Donovan explains here that there are theologians who argue that God is best known through personal experience and that inference and argument are not as essential and they differentiate between knowing about a person and meeting them and knowing them personally.
He goes on to refer to Martin Buber’s book I and thou. (His philosophy accords with that of the dualists in seeing everything as having two natures or parts.) we view the world in terms of me and not me or his I and Thou and I and It. The world of It is the phenomenal realm ‘objectivity, reasoning and analysis’; we can’t live without it but cannot live in that realm if we are to be truly human. The realm of the You is fragile and impermanent and it is here that God can be encountered.
Drawing on examples from the Bible, Buber’s likeminded philosophers see God as personal and actively seeking personal relationships with man. The arguments about God and His existence belong in the realm of the I- It whereas arguments from experience belong in the I-Thou realm.
Again in the Christian tradition faith in is always better than belief about. To know God we are advised to ‘trust’ and get involved in the activity rather than remain detached. (See Wittgenstein Lang Games)
In addition there is much in personal relationships that remains essentially inexpressible thus relationships with God have I-You features rather than I-It features. If we cannot be reasoned and analytical about our relationships with other people how can we expect to be about relationships with God. He goes further to suggest that once one breaks a relationship down into cold hard facts the essence of it is lost and it becomes an I-It experience.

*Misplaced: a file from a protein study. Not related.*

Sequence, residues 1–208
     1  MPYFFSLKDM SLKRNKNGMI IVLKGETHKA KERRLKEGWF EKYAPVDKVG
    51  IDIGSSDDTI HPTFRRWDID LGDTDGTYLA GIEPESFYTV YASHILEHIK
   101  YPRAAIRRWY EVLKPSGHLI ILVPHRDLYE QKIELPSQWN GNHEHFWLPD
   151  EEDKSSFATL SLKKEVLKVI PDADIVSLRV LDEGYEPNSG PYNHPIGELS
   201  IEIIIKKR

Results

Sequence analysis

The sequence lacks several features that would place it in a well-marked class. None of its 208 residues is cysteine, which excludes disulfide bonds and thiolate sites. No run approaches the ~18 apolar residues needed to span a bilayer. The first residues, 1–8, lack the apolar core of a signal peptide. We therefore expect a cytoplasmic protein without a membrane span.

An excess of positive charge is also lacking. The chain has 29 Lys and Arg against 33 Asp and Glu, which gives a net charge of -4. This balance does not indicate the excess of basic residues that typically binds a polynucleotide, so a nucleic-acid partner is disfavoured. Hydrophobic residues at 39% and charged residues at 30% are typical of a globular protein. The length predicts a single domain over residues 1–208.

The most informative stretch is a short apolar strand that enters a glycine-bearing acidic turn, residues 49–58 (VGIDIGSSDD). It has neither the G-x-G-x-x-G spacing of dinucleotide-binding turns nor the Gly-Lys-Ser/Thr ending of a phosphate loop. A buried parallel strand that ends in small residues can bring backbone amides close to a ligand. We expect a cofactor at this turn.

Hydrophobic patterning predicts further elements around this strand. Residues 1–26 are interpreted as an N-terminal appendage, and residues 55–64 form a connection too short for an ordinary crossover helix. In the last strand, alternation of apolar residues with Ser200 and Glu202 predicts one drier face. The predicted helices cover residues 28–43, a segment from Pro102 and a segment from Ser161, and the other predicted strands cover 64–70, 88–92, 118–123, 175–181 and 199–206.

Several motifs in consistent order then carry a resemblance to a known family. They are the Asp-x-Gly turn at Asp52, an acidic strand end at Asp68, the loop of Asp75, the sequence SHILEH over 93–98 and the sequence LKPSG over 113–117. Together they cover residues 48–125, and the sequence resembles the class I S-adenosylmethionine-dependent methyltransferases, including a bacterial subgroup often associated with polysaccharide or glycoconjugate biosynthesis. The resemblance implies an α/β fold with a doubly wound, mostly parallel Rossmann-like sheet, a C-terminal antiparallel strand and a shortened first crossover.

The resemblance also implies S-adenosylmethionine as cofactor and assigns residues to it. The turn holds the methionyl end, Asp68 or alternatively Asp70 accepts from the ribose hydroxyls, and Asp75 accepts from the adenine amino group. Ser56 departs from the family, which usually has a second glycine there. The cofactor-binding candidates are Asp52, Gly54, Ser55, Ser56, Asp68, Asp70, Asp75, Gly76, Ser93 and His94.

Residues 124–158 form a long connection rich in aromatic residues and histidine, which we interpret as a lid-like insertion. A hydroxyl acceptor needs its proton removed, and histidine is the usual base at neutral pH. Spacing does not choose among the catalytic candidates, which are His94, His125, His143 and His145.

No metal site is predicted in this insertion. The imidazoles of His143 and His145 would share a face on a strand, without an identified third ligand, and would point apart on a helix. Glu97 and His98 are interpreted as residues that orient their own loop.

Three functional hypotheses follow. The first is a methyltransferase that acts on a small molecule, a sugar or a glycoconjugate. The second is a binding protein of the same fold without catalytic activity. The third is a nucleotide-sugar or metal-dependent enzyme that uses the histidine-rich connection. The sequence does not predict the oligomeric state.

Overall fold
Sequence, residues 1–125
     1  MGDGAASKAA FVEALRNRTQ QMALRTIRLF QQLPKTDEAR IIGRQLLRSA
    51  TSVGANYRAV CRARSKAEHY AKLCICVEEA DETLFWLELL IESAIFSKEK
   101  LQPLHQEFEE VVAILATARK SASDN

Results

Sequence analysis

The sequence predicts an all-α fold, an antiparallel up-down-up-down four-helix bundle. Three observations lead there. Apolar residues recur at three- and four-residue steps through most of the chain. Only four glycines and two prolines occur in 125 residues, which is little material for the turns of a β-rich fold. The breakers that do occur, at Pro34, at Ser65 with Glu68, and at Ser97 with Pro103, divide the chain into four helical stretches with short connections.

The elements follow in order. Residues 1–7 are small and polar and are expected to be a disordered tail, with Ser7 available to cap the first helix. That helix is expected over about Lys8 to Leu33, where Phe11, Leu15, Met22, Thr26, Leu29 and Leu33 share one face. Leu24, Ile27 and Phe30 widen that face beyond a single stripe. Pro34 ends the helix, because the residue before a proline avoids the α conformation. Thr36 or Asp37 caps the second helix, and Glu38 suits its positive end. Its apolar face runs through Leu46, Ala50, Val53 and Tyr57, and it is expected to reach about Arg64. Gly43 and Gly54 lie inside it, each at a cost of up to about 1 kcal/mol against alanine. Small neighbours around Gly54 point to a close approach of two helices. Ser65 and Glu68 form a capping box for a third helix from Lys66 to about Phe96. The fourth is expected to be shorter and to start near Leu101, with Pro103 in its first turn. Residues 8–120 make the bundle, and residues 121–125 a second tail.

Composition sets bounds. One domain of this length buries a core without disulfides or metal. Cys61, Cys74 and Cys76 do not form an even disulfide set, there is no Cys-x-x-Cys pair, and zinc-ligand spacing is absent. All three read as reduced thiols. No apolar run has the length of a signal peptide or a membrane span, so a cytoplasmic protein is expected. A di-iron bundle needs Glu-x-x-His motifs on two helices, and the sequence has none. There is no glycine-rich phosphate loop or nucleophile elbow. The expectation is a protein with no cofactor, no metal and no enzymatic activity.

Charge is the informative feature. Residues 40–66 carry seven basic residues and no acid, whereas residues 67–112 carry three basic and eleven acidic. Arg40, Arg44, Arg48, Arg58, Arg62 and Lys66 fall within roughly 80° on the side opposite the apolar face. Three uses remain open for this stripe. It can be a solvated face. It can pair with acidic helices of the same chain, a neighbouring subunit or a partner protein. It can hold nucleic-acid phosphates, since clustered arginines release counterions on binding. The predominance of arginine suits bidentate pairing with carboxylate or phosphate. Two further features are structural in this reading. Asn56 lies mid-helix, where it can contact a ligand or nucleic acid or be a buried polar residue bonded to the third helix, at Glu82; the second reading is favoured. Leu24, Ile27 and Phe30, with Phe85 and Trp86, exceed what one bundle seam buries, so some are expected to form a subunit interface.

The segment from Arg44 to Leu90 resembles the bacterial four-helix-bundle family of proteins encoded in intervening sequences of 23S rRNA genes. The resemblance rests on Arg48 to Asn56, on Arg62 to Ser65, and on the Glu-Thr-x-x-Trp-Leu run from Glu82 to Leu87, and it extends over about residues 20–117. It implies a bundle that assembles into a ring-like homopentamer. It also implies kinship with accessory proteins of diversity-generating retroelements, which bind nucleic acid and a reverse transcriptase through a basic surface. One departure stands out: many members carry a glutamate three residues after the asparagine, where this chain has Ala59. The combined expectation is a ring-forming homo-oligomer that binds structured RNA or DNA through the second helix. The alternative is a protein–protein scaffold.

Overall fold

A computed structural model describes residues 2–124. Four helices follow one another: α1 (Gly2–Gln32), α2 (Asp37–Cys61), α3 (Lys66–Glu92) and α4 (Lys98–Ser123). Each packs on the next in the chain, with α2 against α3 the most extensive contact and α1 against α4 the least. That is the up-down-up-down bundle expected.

As with intuitive knowledge of God this idea of knowledge of God through experience has some philosophical objections to overcome.
a) the experience may be misinterpreted;
b) to have the experience assumes one already knows about such things and
c) this kind of experience doesn’t guarantee knowledge in the form of understanding.
Just because we believe doesn’t mean we are right. We might be but we might not! Certainty is no guide to veracity. As Russell explained if we can be wrong about people we can be wrong about God. On occasions we can achieve such a close relationship with another person that we feel a genuine rapport but how do we know it’s a real experience.
TV and such like show us constantly how easy it is to be wrong about something we believe is certain knowledge; we trust people implicitly only to have them let us down. If this is true about facts then it is equally true about encounters. (flat earth).